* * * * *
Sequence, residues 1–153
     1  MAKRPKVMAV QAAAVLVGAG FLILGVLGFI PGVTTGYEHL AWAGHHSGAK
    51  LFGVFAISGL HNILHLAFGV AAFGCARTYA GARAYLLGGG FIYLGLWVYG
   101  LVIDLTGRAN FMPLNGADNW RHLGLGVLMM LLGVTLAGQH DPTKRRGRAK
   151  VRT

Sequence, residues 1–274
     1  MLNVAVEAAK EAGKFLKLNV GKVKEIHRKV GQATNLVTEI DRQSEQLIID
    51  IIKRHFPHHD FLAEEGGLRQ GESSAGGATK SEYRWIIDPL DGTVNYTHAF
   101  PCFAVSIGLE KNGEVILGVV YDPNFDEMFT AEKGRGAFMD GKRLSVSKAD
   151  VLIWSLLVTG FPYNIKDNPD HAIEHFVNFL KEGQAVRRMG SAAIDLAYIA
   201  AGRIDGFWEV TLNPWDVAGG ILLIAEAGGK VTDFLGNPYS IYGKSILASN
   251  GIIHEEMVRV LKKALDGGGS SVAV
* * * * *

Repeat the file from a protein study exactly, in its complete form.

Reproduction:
Sequence, residues 1–153
     1  MAKRPKVMAV QAAAVLVGAG FLILGVLGFI PGVTTGYEHL AWAGHHSGAK
    51  LFGVFAISGL HNILHLAFGV AAFGCARTYA GARAYLLGGG FIYLGLWVYG
   101  LVIDLTGRAN FMPLNGADNW RHLGLGVLMM LLGVTLAGQH DPTKRRGRAK
   151  VRT

Sequence, residues 1–274
     1  MLNVAVEAAK EAGKFLKLNV GKVKEIHRKV GQATNLVTEI DRQSEQLIID
    51  IIKRHFPHHD FLAEEGGLRQ GESSAGGATK SEYRWIIDPL DGTVNYTHAF
   101  PCFAVSIGLE KNGEVILGVV YDPNFDEMFT AEKGRGAFMD GKRLSVSKAD
   151  VLIWSLLVTG FPYNIKDNPD HAIEHFVNFL KEGQAVRRMG SAAIDLAYIA
   201  AGRIDGFWEV TLNPWDVAGG ILLIAEAGGK VTDFLGNPYS IYGKSILASN
   251  GIIHEEMVRV LKKALDGGGS SVAV